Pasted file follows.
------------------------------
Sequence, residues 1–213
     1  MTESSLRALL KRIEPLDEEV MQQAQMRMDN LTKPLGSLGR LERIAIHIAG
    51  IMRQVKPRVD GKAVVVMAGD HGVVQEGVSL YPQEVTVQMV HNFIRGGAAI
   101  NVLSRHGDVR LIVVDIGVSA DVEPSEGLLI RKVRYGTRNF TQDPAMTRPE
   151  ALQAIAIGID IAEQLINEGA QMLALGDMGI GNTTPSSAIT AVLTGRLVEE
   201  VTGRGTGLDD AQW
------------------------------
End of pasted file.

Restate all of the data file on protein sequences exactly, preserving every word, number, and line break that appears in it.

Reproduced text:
Sequence, residues 1–213
     1  MTESSLRALL KRIEPLDEEV MQQAQMRMDN LTKPLGSLGR LERIAIHIAG
    51  IMRQVKPRVD GKAVVVMAGD HGVVQEGVSL YPQEVTVQMV HNFIRGGAAI
   101  NVLSRHGDVR LIVVDIGVSA DVEPSEGLLI RKVRYGTRNF TQDPAMTRPE
   151  ALQAIAIGID IAEQLINEGA QMLALGDMGI GNTTPSSAIT AVLTGRLVEE
   201  VTGRGTGLDD AQW